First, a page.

It would not ordinarily be newsworthy that a performer named Gordon Sumner took over a secondary role in a struggling Broadway musical. You do not hear much about cast changes at On the Town, for instance. But the circumstances under which Mr. Sumner, better known as Sting, joined The Last Ship last week are far from ordinary. For one thing, Sting wrote the show’s songs and conceived its story, which concerns the decimated shipbuilding industry in his own hometown of Wallsend, England. The musical is thus, for him, a labor of love, which is not to say it isn’t also a commercial venture. (His longtime manager is one of the lead producers.) After ten weeks of middling box office, with some theater mavens saying audiences were disappointed to find that the new Sting musical did not feature Sting, the unusual, though perhaps inevitable, idea of his stepping in was announced and then promoted like crazy. The resulting turnaround eerily parallels the musical’s plot, in which the desperate shipbuilders revive their spirits, if not their fortunes, by building and captaining their own anomalous vessel. The moment Sting replaced his friend Jimmy Nail in the role of Jackie White, ticket sales leapt by two-thirds.
From the number and passion of his fans in attendance at a recent performance, whooping and cawing as if to provide apt riparian sound effects, it seems the ploy has worked not just commercially but spiritually; the show now plays like a hit. Whether the boost will help The Last Ship stay afloat after Sting leaves (he’s scheduled to appear through January 24) is unclear; it’s defiantly serious-minded and makes few concessions to popularity. I still find it, as I did when reviewing the October opening, too often confused and becalmed. But on a return visit I was even more impressed than previously with the loveliness of some of the songwriting and the overwhelming beauty of the staging. For a show that spends a lot of time going nowhere, it goes there gorgeously.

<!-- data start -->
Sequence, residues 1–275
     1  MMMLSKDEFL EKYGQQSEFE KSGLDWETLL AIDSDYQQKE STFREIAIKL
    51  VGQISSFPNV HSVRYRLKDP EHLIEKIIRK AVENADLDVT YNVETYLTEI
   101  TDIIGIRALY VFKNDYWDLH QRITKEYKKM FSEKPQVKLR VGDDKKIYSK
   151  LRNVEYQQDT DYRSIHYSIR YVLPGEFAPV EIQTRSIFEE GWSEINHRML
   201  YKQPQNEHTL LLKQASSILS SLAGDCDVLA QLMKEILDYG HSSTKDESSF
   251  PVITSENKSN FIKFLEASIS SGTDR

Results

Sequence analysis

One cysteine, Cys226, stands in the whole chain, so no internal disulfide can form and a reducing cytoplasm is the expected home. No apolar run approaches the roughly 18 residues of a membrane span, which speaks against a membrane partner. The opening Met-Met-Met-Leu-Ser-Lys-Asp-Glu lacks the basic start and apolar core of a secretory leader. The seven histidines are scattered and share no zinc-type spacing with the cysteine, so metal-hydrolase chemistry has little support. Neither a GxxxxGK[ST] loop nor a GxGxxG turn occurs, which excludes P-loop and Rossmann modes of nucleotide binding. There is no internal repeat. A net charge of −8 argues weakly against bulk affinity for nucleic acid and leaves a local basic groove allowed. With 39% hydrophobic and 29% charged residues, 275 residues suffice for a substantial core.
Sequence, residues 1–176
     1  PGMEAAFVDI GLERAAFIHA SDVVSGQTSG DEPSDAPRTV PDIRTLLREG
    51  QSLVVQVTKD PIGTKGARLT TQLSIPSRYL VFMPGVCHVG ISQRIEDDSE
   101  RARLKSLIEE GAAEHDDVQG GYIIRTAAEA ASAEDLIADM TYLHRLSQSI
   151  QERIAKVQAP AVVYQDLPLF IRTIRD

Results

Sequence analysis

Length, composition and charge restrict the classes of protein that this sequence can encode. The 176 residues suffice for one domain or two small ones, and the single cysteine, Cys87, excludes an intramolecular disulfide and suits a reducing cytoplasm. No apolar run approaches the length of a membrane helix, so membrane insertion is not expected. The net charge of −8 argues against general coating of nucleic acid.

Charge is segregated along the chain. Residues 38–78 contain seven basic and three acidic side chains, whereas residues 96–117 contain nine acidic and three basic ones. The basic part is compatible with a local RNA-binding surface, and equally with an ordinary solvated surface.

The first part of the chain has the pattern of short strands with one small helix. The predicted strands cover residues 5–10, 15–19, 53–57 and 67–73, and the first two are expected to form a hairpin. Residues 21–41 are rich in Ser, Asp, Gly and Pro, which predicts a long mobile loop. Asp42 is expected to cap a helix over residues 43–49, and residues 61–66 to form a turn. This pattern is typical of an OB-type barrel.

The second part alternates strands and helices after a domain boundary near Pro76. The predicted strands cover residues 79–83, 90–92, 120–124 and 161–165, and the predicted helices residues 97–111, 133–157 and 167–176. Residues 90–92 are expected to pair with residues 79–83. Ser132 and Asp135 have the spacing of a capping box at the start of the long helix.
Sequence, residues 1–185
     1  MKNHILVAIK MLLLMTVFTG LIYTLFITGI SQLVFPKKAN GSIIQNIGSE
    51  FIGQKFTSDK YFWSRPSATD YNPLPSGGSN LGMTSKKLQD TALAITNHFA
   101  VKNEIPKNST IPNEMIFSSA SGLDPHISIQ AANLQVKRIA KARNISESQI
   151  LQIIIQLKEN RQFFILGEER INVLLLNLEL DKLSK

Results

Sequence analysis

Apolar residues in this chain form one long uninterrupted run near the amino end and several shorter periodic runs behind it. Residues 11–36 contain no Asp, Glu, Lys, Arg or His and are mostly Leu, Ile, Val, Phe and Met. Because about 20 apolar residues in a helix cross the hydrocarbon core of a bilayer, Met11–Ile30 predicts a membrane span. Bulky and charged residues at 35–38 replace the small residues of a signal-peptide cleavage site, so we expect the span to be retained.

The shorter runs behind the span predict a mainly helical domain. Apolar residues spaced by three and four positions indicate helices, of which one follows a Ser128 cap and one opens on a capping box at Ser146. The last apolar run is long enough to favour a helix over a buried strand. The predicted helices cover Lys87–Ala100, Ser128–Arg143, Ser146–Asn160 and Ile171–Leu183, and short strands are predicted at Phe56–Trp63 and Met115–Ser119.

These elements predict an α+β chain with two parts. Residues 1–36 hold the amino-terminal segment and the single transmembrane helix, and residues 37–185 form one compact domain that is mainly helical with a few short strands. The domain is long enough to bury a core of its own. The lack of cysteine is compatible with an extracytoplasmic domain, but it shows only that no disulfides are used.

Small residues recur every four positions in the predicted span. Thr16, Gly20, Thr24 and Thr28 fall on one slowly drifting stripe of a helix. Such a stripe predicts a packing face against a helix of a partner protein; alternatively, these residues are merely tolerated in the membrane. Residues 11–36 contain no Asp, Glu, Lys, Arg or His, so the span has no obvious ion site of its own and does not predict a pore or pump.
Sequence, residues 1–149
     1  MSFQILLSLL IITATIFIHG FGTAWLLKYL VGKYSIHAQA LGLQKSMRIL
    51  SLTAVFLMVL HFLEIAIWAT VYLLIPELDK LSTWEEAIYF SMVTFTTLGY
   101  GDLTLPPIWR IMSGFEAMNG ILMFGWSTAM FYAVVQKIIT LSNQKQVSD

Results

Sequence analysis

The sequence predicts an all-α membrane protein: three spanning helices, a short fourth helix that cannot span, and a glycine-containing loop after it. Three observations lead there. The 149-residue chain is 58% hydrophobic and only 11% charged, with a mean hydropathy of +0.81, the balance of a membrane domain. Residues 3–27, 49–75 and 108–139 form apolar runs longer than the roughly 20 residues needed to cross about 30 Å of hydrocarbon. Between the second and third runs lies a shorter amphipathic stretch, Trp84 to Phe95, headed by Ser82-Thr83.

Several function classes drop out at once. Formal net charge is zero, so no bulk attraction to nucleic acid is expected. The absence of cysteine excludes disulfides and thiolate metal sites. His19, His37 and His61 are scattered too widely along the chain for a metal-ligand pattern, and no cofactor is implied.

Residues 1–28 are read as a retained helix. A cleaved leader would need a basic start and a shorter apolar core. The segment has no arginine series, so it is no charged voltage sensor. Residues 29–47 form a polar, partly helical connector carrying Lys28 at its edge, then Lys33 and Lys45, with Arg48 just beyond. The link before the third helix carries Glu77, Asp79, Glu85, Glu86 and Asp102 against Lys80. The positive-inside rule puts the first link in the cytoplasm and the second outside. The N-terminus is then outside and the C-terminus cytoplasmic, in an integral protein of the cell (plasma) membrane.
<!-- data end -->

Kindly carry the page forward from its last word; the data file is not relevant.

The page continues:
None of which has anything to do with Sting’s performance. Indeed, the surprise here is that his presence doesn’t actually make much difference. The part of Jackie, the shipyard’s foreman, is not central to begin with; as played by Nail, he came across as a shadowy observer occasionally emerging from the murk to lead a song: another interesting face in an ensemble full of them. And while it’s true that Sting, even if you call him Gordon Sumner, is no one’s ensemblist — he’s a star whose starriness cannot be muffled by a beard or bulky peacoat — he’s just not onstage that much, or at the center of the plot when he is. He does sing beautifully, as you’d expect; the songs were clearly written on his own voice and always hit the sweet spots in his vocal range and sensitive-masculine demeanor. He’s never sounded better. But to the extent his charisma unavoidably pulls focus, he’s also distracting, especially when he tries to disappear in crowd scenes by stiffly doing what the common folk do. You have to love him for the effort, but haloes are hard to hide.
The Last Ship is at the Neil Simon Theatre.